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CD Review: Scarecrow - Garth Brooks

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Scarecrow is Garth's first album of new music in four years, and the wait has been long but it's well worth it with this package of music.

Included here is the rockin' duet with George Jones, "Beer Run," and a sassy upbeat duet with pal Trisha Yearwood on "Squeeze Me In."

Garth has said this is most likely his last solo effort as he's retiring to spend time with his daughters. He said there's virtually no chance he will ever tour again, however in conjunction with this release, he is holding three concerts in different cities, the first three Wednesdays after his album is released. The first in Los Angeles, the second on the aircraft carrier USS Enterprise as they return to Norfolk, NJ after serving in the Middle East, and the third (as I write this) at a location to be announced soon. Each of the shows will be taped and portions will be shown on CBS television.

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Another thing Garth is doing is sponsoring a product, Dr. Pepper. You'll be able to see him in various commercials on all the networks.

But we're here to talk about the music. And it is most certainly worth talking about. You can hear some of the roots of his past here in the songs, with echos of Billy Joel, the Beatles, and James Taylor. But there is also a wonderful bluegrass cover, "Don't Cross the River." This was originally recorded by America, but Garth's version is as bluegrass as it comes, and it's amazing!

You've probably heard the two singles, the rambunctious duet with George Jones, "Beer Run," and the Beatle-esque "Wrapped Up In You." There are others that are certain to be released as singles. The duet with Trisha is rockin' and has got to be released as a single. They trade lines about being in a relationship where they just can't seem to connect, and they want the other person to "Squeeze Me In." You'll also recognize the theme from Frequency, which is finally released on CD for the fans. I've always loved the song, and I'm really glad Garth changed his mind about releasing it.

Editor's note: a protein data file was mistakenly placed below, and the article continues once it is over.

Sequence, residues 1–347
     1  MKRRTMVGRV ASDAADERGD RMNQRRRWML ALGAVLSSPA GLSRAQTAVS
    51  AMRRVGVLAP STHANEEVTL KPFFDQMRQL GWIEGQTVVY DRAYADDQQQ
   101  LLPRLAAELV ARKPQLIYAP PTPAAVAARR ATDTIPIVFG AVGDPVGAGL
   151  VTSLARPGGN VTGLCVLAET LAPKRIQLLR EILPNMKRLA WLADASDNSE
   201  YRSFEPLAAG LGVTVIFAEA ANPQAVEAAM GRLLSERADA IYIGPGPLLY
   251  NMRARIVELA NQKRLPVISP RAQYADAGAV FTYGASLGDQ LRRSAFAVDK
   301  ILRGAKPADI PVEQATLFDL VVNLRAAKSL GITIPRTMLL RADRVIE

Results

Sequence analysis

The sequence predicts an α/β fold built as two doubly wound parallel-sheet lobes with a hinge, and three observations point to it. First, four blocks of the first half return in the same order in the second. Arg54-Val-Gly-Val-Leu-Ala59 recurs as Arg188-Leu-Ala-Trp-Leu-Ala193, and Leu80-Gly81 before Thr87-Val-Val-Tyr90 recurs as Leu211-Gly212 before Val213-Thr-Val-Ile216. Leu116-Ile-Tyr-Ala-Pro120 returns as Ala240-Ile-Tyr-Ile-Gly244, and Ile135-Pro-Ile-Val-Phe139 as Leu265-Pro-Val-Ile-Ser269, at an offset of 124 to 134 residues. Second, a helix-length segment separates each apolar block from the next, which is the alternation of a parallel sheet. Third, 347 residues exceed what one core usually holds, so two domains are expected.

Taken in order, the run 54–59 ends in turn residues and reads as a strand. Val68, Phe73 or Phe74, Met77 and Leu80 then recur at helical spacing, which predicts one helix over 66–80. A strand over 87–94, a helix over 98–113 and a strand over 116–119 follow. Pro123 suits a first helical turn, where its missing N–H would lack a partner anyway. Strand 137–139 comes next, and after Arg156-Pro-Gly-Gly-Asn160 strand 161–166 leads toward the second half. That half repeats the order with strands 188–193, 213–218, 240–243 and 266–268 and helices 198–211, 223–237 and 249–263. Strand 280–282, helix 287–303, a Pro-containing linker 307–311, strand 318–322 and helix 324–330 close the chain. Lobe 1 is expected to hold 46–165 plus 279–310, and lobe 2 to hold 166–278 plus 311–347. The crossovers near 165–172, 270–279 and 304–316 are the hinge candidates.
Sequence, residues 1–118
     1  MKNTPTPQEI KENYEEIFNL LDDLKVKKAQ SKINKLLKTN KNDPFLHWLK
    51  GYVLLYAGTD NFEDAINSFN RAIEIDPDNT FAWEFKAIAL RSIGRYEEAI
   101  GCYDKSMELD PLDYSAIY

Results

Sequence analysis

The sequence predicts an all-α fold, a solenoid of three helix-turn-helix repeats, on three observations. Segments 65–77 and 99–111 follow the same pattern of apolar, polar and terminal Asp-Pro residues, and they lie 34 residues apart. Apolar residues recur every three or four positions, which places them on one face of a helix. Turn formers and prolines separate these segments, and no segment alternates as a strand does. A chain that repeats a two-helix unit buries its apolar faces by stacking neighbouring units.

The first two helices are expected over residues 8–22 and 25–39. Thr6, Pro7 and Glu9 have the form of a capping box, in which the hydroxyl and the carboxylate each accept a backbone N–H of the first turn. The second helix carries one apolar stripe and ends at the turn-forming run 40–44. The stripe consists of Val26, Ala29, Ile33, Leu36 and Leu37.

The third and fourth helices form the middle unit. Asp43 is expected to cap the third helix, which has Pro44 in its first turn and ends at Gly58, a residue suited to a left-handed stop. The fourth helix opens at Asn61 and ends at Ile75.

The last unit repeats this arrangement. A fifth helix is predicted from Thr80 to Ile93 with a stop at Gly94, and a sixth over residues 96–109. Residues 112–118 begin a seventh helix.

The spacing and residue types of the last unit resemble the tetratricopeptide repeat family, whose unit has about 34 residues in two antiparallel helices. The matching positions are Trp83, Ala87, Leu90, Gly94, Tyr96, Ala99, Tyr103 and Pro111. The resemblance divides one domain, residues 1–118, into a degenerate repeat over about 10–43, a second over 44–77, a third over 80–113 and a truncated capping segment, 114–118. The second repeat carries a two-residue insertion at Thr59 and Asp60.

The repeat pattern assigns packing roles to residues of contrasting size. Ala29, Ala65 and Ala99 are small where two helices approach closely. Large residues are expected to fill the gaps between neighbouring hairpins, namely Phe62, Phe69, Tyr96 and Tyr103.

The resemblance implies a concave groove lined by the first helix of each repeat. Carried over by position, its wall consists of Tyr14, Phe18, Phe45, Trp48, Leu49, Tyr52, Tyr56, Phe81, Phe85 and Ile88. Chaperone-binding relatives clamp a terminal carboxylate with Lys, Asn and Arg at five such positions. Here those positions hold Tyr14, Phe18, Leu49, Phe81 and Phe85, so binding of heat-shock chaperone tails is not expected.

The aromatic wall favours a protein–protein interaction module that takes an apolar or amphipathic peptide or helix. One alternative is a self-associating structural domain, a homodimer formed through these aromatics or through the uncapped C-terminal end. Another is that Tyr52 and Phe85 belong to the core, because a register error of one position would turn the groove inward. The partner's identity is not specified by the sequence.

Other songs on the album:

"Why Ain't I Running," talks about a man that is used to being a "love 'em and leave 'em" kind of guy, but now he finds that in the morning he's not leaving, and he doesn't understand it. This is another one I can see as a single.

"The Storm" reminds me a bit of "The Thunder Rolls," in that it's a song about a woman that was left by her partner, and her family all warned her about him, but she wouldn't listen. She survived, but can she survive the storm?"

"Thicker Than Blood" talks about a family that may not have the same last name, but they are a family because "Blood is thicker than water, but love is thicker than blood."

My favorite has to be "Big Money" where Garth talks about his relatives that did dangerous things and ended up dying. The one was a lineman who handled hot wires on power poles, and he said he did it for the money. "Because it pays big money, and man I'm into that. It pays big money, if you're willing to take a chance. Let me tell you something sonny, you should see my bank account. It pays big money, but he sure can't spend it now." He talked about his other relatives, then says you should be nice to your relatives cuz they might leave you in their wills.

There is a huge Billy Joel influence on the song "Mr. Midnight." He talks about being a late night disc jockey at a radio station, taking requests.

"Pushing Up Daisies" has a kind of a dirge-like quality about it. Talks about living your life to the fullest.

"Rodeo or Mexico" is another fun song about a rodeo guy that falls in love with a Mexican girl. Another one that would make a good single.

If this is Garth's last album, I would have to say it's right up there with "No Fences" and "Ropin' The Wind."

Song List:

  1. Why Ain't I Running
  2. Beer Run (The duet with George Jones)
  3. Wrapped Up In You
  4. The Storm
  5. Thicker Than Blood
  6. Big Money
  7. Squeeze Me In (The duet with Trisha Yearwood)
  8. Mr. Midnight
  9. Pushing Up Daisies
  10. Rodeo or Mexico
  11. Don't Cross The River
  12. When You Come Back To Me (Theme from Frequency.)

All graphics © Shelly Fabian, with the exception of the album cover, used with permission of Capitol Nashville.

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